Bell Curve The Law Talking Guy Raised by Republicans U.S. West
Well, he's kind of had it in for me ever since I accidentally ran over his dog. Actually, replace "accidentally" with "repeatedly," and replace "dog" with "son."

Saturday, March 22, 2008

China, Tibet and Taiwan

OK Folks,

While we've been arguing about which Democrat would be the best person to propose and pass more or less the same batch of policies, East Asia has been dealing with some real divisions. is reporting that Chinese papers are calling for Tibetan demonstrations (which have turned violent in many cases) to be "crushed." The Dali Lama has been calling for the demonstrators to adopt a non-violent approach but they have not been listening. The Chinese response has been to send in the military.

Meanwhile, Taiwan had an election and the Kuomintang candidate, Ma Ying-jeou, was expected to win and did (in a landslide). The Kuomintang is the old mainland Nationalist party of Chiang Kai Shek. Ironically, it is the Kuomintang that is most in favor of eventual reunification with the mainland. But since the Communists on the mainland have abandoned Marxism in favor of a more nationalist approach to government and political economy, the Kuomintang may not see much difference anymore between them and their old nemesis. Mr. Ma has criticised Beijing for their conduct in Tibet but has pledged not to "push things too far."

Chinese nationalists (on the mainland) will try to justify nearly any action they take in Tibet by saying that Tibet is a natural part of China and that Tibet has never really been independent. But of course this is a disingenuous argument. Prior to 1949 China as we know it was not organized as a state the way we think of it now. Prior to that date, China was either ruled by regional warlords or as a feudal empire in which Tibet was at times included and at times not. In any case, even when Tibet was nominally under the suzerainty of the Chinese empire of the time, it was so distant from the centers of power that it was usually functionally independent. Only since 1949 has a central Chinese government been able to impose its authority on Tibet with any consistency.

The problem in Tibet seems to be that after the military conquest of Tibet in the 1940s, the Chinese government first divided some regions of Tibet and attached them to neighboring provinces (like Sechuan). Reports are that anti-government demonstrations have spread to the ethnic Tibetans in these regions. The next thing the Chinese did was to heavily subsidize settlement in Tibet by Chinese from the dominant Han ethnic group from coastal China. This settlement program has resulted in a new local elite in Tibet comprised mainly of non-Tibetans. These measures have caused some resentment among ethnic Tibetans.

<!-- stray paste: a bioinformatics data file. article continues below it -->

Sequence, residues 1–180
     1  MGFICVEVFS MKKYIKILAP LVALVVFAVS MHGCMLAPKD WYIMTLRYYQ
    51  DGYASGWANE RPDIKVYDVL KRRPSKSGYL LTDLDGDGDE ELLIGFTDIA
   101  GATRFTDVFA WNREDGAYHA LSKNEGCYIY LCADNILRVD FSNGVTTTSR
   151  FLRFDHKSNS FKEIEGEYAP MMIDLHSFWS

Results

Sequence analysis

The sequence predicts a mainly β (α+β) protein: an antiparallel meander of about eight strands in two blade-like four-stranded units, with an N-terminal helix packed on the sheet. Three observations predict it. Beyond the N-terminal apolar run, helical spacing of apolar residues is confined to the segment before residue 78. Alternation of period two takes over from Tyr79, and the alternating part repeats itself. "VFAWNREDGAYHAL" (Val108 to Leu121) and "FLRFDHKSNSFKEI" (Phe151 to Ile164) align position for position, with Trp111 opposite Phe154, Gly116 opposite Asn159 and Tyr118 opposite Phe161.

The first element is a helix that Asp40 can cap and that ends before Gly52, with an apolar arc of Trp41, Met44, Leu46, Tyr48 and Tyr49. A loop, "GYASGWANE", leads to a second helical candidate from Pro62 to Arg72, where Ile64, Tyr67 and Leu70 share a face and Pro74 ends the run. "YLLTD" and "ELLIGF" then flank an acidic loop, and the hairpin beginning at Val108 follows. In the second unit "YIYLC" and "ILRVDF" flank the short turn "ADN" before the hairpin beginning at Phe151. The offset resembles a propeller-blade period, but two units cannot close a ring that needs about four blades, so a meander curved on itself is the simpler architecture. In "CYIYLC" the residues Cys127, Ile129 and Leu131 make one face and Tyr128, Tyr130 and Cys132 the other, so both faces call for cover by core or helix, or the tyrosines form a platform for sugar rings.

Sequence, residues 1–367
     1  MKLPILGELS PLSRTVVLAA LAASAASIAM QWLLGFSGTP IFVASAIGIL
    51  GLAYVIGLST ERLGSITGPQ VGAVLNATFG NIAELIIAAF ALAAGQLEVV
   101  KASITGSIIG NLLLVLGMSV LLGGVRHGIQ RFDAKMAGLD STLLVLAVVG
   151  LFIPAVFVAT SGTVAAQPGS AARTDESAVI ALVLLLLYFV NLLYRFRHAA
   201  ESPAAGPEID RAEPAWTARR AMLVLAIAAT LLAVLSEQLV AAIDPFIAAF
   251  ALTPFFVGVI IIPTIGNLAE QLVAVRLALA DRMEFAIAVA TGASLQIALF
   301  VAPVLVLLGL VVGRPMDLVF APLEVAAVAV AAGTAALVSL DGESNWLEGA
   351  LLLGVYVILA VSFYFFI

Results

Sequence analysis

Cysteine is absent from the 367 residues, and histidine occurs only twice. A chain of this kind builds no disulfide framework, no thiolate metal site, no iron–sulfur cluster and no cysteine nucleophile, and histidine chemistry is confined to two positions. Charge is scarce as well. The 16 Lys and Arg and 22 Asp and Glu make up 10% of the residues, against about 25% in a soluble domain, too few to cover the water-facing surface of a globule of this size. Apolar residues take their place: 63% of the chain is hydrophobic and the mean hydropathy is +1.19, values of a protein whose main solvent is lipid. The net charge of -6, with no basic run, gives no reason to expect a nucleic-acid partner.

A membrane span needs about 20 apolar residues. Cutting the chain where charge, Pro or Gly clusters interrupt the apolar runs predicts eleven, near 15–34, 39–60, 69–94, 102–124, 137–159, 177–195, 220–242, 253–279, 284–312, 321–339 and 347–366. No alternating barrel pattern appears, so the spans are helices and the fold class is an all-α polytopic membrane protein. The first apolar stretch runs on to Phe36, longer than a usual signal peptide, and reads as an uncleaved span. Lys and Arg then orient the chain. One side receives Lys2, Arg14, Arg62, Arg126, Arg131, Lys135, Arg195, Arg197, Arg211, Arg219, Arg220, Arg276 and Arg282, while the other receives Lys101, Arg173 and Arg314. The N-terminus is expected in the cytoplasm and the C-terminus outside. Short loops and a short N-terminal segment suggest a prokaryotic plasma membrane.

007 said...

Wonderful source of information.

The Ever-Present Smile of His Holiness DALAI LAMA is MORE POWERFUL than the 1 million strong Chinese Army -)

Why? Check these out :

Believe me, this uprising is going to spread from Tibet (Xizang Province) to even Sinkiang (Xinjiang Uygur) and others !!!

Dr. Strangelove said...

Thanks for the run-down, RbR. The news from Taiwan is more hopeful, as you indicated, but I have been listening to the news from Tibet (such as we get any news from there) with increasing dismay. The Dalai Lama has far more influence outside his homeland than he does anywhere within China, despite his ever-present smile. And unfortunately, the Chinese Army is probably rather larger than 1 million.

The Law Talking Guy said...

It is also worth noting in this context that Formosa (Taiwan) was conquered and ruled by Japan from 1899-1945, formally turned to Chinese (KMT) rule in 1945, and then of course on its own from 1949-present. So for the last century, it has been ruled form Mainland china for no more than 4 years, and that mostly nominally. So the claim of China that Taiwan or Tibet is integral to the nation is pretty weak.

Besides which, once an area like Taiwan or Tibet has been functionally independent for a significant amount of time, our principles of human rights and self-determination dictate that the people should be permitted to vote on whether they wants to be subject to another country's laws. The issue of whether Taiwan and Tibet should be independent or part of China is not a property dispute about who "owns" the land. The Chinese just don't get this, because they also think they sort of "own" the Chinese people too - that they are subjects of the state who may be controlled, forbidden to travel, and given or denied rights as the government pleases, but not free citizens.

This, of course, is what the American revolution was all about. Sovereignty does not rest in the monarch, the government, or in parliament, but directly in the people, who can create or destroy and governmental institution at will.